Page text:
Thursday, October 18, 2012

Eggs, and Things [the Media Says] Scientists Say.

An egg.  I usually make mine over easy, but this is okay too.  Source.

It is all over the headlines recently.  Eating egg yolks is as bad for you as smoking.  An egg yolk is equivalent to five kicks to the groin.  The Ministry of National Defense has begun studying mechanisms by which egg yolks could be weaponised.  Scientists postulate the dinosaurs went extinct from eating too many cholesterol-filled eggs.  For the record, I can't believe that any of these statements would be published, but fire up Google, and see for yourself.  I'd like to give my two cents on the matter, and hopefully offer some clarity to my tens of regular readers (by the by, I'm sure you're looking quite dapper in top hat and shined monocle).

The contention of these articles, and the University of Western Ontario's medical study, is that eating eggs (with yolks), and smoking are roughly equivalent in terms of the damage they do to your arteries.  The primary criticism (and I can't believe only this is the primary criticism), is that eggs and cigarettes damage arteries in completely different ways.  Cholesterol (which eggs contain) causes plaques to build up on arterial walls, while smoking inflames arterial walls.  The effect is ... roughly  the same.  I would like to levy a series of criticisms, if you will allow me.

First, from all the reading I have completed on the subject, as well as a lecture from a chemist on the subject, ingesting cholesterol in food does not necessarily directly affect the amount of cholesterol in your blood.  Many of you may have heard of good cholesterol and bad cholesterol.  This refers to high-density lipoprotein (HDL, "good" cholesterol) and low density lipoprotein (LDL, "bad" cholesterol).  These represent the way that the body moves lipids (i.e. "fats") around in your water-based body.  HDL is called good, because it is the form your body manufactures when it is moving fat to the liver for utilization, so the higher the rate of HDL in your bloodstream, the better.  Within reason, of course.

So cholesterol is involved in carrying fat around in your body.  Does that mean that eating cholesterol will increase your blood cholesterol?  Let's take a quotation directly from Wikipedia.  I am not saying that Wikipedia is infallible, but this statement supports everything I have read on the subject:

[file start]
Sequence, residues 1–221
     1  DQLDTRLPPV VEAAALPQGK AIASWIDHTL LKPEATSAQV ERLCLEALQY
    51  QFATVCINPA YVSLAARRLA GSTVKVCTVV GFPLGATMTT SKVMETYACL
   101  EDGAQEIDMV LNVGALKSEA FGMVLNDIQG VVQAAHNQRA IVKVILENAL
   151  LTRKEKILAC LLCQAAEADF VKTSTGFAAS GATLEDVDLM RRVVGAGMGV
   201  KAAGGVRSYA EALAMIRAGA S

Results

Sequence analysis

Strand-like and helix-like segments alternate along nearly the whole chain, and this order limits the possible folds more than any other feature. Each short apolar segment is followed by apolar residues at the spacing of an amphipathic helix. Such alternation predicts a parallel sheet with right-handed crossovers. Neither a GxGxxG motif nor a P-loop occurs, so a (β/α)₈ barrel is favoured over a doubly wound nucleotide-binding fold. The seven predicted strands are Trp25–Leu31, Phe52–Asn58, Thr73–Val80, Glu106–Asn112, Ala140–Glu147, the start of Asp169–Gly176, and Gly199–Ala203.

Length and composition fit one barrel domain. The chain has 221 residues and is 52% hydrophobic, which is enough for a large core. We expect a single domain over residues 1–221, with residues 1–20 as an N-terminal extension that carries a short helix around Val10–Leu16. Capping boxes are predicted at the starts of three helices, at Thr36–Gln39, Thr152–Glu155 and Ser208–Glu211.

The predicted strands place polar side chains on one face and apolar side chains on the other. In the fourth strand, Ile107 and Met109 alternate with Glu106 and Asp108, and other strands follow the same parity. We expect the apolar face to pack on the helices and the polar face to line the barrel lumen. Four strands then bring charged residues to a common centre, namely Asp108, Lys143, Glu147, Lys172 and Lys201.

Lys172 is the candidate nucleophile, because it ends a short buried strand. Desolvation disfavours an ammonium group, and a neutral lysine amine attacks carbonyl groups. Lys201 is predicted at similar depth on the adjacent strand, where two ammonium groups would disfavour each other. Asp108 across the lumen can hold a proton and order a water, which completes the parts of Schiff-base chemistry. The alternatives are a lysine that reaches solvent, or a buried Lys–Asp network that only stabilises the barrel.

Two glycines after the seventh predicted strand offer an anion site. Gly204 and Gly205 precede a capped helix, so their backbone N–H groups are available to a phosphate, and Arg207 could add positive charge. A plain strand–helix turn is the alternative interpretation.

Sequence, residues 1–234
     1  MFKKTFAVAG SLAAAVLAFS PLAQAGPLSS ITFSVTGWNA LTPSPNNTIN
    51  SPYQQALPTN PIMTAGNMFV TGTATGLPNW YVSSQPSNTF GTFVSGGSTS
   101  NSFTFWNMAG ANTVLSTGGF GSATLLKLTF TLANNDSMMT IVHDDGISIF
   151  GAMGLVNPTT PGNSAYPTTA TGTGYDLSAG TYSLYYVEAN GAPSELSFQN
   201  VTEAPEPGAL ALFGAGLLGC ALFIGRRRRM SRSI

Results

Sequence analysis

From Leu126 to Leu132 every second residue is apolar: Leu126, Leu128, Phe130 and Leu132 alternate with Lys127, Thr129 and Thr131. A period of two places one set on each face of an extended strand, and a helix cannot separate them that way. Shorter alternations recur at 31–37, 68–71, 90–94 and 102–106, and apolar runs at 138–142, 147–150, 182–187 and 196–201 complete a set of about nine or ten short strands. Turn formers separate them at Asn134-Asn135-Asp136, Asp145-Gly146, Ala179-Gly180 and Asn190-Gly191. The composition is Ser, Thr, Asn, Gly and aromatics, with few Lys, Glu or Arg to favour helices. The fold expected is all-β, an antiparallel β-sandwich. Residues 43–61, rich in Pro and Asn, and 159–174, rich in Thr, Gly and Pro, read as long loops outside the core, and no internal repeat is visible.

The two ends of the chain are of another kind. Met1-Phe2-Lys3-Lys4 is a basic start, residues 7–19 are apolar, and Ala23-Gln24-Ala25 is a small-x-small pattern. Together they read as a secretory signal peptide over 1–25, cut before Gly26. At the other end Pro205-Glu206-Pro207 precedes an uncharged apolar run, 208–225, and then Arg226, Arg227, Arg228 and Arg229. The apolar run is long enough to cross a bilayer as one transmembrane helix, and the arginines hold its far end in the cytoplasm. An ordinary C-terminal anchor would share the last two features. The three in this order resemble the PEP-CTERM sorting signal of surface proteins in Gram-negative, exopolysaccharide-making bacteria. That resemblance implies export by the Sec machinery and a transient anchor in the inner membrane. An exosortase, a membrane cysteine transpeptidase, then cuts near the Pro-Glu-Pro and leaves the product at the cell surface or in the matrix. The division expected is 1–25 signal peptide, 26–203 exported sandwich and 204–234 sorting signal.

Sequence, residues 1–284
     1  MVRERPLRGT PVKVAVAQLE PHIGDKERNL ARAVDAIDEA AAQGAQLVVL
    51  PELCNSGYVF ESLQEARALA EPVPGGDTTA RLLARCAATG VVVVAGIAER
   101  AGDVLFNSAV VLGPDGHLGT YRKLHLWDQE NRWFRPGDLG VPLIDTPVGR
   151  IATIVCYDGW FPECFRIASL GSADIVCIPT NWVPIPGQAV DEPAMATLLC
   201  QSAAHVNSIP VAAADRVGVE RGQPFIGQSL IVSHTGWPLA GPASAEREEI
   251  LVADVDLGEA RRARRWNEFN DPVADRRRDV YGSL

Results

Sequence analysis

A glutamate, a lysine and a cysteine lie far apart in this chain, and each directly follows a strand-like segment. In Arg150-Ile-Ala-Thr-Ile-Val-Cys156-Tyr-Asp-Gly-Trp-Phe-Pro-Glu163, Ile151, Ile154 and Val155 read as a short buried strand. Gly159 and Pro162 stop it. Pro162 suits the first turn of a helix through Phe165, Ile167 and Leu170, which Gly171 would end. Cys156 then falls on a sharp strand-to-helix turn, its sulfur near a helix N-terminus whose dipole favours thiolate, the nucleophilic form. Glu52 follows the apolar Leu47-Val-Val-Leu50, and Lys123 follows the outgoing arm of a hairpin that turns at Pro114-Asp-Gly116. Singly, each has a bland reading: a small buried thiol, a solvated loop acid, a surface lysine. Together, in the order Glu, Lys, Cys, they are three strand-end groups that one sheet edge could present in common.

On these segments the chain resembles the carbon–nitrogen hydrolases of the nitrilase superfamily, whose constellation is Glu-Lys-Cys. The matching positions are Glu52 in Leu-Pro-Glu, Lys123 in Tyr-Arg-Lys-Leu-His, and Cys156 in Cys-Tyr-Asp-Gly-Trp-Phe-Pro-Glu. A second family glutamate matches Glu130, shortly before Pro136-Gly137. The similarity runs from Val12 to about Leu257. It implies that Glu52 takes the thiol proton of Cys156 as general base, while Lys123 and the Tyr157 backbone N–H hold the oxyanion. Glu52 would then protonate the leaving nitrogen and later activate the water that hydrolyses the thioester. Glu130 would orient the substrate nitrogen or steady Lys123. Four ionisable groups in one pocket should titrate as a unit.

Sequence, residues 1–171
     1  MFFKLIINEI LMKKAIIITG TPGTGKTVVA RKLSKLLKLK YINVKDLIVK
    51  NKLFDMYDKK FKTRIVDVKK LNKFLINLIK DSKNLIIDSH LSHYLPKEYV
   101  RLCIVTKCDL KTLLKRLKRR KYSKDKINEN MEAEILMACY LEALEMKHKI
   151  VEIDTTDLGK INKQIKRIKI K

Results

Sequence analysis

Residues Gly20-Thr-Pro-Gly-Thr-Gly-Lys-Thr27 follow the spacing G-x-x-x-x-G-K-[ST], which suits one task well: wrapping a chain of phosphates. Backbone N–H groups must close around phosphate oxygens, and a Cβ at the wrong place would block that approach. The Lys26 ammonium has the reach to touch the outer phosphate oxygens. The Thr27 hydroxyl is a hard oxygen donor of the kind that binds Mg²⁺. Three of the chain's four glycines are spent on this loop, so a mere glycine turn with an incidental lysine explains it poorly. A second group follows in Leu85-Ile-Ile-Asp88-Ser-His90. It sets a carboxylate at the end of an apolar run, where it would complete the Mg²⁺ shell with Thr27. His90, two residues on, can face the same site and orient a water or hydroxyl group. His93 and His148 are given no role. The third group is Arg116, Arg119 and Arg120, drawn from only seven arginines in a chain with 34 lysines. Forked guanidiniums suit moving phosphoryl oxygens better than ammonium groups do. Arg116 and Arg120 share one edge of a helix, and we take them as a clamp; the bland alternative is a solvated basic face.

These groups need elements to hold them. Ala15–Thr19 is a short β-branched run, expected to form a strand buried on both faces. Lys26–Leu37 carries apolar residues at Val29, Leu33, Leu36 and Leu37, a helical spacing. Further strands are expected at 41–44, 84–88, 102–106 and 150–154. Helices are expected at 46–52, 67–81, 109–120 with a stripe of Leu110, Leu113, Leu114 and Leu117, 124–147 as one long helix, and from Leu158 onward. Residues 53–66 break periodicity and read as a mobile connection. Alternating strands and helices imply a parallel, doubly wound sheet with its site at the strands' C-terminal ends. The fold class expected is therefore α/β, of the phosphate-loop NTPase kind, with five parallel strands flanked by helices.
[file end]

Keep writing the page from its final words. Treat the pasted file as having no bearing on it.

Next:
"... most ingested cholesterol is esterified and esterified cholesterol is poorly absorbed. The body also compensates for any absorption of additional cholesterol by reducing cholesterol synthesis. For these reasons, cholesterol intake in food has little, if any, effect on total body cholesterol content or concentrations of cholesterol in the blood."

So there you have it, ingesting cholesterol does not directly affect your cholesterol blood levels.  Though, hang on a moment.  The study did find that the ingestion of egg yolks correlates with high cholesterol.  This is a fact, and I will not dispute it.  However, it correlates, meaning egg yolk consumption usually goes hand in hand with high cholesterol.  It does not say that egg yolk ingestion causes high cholesterol, but if it does, it shouldn't.  So, why would this be the case?  Well, the doctors running the study did not bother checking for external factors that may also influence blood cholesterol.  This would admittedly be difficult to do for over 1000 people.  So, here's my hypothesis: perhaps when people are eating egg yolks, they're not just eating what is pictured at the head of this article, perhaps they're eating something that more closely resembles the following.

So maybe, just maybe the blame does not belong to the egg yolks, perhaps it is what is eaten alongside the egg yolks.  Perhaps a patient's blood cholesterol levels are high because of all the extra lipids the body is forced to deal with when one ingests such a feast, and not the cholesterol in the egg yolks.  And maybe the media likes to run with a catchy headline, and might not want to do all the fact checking they should.

So eat eggs [, damn it].  According to (a thoroughly wonderful site), two fried eggs have 137 calories, 16% of your daily recommended fat (you do need a certain amount of fat to live well), and 19% of your daily recommended protein.  It's a good start to your day, just not alongside everything pictured above.


P.S.  I swear to various deities, if I hear ONE more person say "Well, first they said eggs were good for you, then eggs are bad, I just don't know what to believe!"  Think critically, and read the full article.  Not just the headline.

P.P.S. Edit on 2013-11-25, link to the article.  What an article.  Though admittedly, I'm just guessing that people who order an egg white omelettes are probably watching their fat intake.  It's a wild, crazy guess. 

Thursday, October 11, 2012

R&D, the Other, Better Stimulus [EBP2]

John Maynard Keynes, the reason for stimulus packages. Source.

It's been too long a time since I've last posted, and you have my apologies.  I assure you they are many, and quite well reasoned.  Now that's out of the way, let's take a long, rambling walk through my thoughts.